Repeat foreclosures in New York have reached an all-time high (HAMP TIME-OUT MOSTLY PROTECTED BANKS)
2017-05-08 — nypost.com
The number of repeat foreclosure filings in New York City far outstrips that of other major cities like Los Angeles, while New York state is No. 1 for repeat foreclosures, outpacing every other state and the US as a whole.
In a report prepared exclusively for The Post, Attom Data Solutions found that in New York City last year, roughly 4,900 -- or more than half of all new foreclosures filed -- were repeats, up from just 5 percent in 2008.
Statewide, 73 percent of the 49,200 new foreclosure cases -- or roughly 35,916 foreclosures -- over the past 12 months were repeats, up from 20 percent in 2007, according to Black Knight, which collects data reported by servicers.
"The same owners in the same properties ... are stuck in distress that never seems to resolve," said Daren Blomquist, senior vice president at Attom, adding, "It's more acute in New York than in other markets."
Analyzing 700,000 loans with a balance of $135 billion at modification, Fitch found a rapid rise in re-defaults on loans modified since 2014, while the cumulative default rate of loans modified in 2015 is the highest of any modification vintage since 2010.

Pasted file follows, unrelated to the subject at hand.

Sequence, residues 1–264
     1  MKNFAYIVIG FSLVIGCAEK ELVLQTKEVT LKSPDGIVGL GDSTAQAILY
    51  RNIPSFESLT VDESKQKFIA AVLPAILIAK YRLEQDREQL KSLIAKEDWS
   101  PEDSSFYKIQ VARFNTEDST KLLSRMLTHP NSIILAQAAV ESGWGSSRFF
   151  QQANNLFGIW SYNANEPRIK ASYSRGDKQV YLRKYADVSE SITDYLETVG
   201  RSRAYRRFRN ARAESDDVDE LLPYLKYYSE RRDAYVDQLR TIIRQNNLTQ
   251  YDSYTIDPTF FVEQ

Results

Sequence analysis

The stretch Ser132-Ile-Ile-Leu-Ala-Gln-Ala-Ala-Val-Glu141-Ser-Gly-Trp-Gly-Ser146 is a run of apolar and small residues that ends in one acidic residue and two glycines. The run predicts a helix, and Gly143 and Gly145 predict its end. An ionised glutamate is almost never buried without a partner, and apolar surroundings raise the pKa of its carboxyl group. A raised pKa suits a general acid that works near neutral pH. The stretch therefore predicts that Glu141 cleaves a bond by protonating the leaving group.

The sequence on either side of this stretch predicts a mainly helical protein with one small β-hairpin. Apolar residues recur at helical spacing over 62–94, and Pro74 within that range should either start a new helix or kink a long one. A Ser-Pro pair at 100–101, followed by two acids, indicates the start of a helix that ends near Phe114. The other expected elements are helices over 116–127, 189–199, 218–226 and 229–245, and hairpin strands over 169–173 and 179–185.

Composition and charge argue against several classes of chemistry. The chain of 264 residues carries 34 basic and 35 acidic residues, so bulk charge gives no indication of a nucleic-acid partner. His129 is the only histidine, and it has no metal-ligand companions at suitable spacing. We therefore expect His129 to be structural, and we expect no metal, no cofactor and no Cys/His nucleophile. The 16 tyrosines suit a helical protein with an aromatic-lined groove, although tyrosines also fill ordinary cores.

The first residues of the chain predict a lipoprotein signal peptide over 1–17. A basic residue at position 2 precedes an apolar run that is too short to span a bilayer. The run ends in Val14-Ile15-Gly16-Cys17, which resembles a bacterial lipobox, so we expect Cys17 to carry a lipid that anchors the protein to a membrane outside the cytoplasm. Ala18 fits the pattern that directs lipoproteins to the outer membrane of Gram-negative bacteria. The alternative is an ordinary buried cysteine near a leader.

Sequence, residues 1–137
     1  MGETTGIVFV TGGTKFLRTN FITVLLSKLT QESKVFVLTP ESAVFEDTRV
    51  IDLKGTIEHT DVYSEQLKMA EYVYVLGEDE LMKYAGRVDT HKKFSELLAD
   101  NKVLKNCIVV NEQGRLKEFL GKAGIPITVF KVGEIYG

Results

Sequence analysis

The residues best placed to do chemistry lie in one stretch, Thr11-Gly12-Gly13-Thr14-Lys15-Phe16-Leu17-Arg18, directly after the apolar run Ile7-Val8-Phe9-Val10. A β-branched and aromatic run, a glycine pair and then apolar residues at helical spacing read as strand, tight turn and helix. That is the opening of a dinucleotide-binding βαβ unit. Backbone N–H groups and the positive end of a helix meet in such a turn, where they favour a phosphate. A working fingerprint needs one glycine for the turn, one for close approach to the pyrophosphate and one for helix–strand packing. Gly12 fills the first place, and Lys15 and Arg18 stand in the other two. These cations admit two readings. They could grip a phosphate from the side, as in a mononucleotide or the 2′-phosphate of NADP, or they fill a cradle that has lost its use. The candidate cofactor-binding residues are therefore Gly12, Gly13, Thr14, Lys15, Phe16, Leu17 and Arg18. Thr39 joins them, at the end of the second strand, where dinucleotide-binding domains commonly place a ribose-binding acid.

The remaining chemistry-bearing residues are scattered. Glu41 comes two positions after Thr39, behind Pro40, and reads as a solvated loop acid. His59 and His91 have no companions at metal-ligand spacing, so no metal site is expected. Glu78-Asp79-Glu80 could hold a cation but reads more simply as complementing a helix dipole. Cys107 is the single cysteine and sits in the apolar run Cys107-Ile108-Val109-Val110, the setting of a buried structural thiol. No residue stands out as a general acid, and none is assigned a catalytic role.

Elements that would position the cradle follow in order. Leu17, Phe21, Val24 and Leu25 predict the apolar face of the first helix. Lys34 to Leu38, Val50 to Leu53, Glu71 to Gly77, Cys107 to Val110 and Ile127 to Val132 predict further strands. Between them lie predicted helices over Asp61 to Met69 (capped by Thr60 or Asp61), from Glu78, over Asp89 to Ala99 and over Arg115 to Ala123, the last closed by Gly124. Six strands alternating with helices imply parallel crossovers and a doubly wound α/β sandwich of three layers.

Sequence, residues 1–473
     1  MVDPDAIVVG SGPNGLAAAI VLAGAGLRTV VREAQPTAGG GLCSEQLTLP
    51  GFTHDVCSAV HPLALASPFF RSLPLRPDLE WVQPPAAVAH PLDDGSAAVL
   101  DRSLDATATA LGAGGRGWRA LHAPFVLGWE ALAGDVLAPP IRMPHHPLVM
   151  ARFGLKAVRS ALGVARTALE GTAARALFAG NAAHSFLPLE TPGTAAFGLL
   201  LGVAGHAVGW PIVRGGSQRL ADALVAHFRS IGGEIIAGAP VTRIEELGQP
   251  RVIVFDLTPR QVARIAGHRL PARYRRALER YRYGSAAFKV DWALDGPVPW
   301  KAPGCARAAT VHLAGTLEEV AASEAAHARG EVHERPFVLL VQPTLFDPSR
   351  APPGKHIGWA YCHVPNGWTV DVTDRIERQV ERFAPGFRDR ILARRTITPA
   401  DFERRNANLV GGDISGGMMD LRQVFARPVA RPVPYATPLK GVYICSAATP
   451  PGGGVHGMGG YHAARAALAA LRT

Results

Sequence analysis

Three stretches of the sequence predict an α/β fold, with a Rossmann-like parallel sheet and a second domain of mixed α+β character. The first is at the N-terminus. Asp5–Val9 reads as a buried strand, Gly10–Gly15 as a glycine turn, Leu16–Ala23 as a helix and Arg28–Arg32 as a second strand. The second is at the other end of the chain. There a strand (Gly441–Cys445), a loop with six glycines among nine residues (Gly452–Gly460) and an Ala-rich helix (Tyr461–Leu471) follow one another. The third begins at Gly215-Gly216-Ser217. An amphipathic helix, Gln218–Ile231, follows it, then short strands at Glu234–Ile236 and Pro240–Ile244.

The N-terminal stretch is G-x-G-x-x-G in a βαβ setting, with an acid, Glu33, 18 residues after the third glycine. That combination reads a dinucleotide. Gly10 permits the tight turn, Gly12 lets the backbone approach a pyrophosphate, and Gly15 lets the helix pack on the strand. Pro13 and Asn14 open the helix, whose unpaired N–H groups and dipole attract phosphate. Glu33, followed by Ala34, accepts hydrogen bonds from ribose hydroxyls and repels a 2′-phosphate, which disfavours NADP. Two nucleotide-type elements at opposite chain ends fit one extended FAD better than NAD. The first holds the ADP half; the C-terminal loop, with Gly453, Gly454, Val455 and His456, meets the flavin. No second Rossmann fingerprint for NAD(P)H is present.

Failed modifications are debt traps for homeowners.
The Home Affordable Mortgage Program (HAMP) put in place by former President Obama in 2009, was supposed to help troubled homeowners remain in their house while working out a new loan with their lenders.
However, in practice, it was a boom for servicers, who placed people in the program and collected fees, while providing little debt relief.
"HAMP was a [government] forbearance program that left people at the edge of the cliff," said Damon Silvers, former deputy chair of the Congressional Oversight Panel for the Troubled Asset Relief Program (TARP).
Principal reductions on the debt could help stem the rising tide of re-defaults.
But Obama chose to structure the modification programs to protect bank balance sheets rather than force lenders to write down bad loans.
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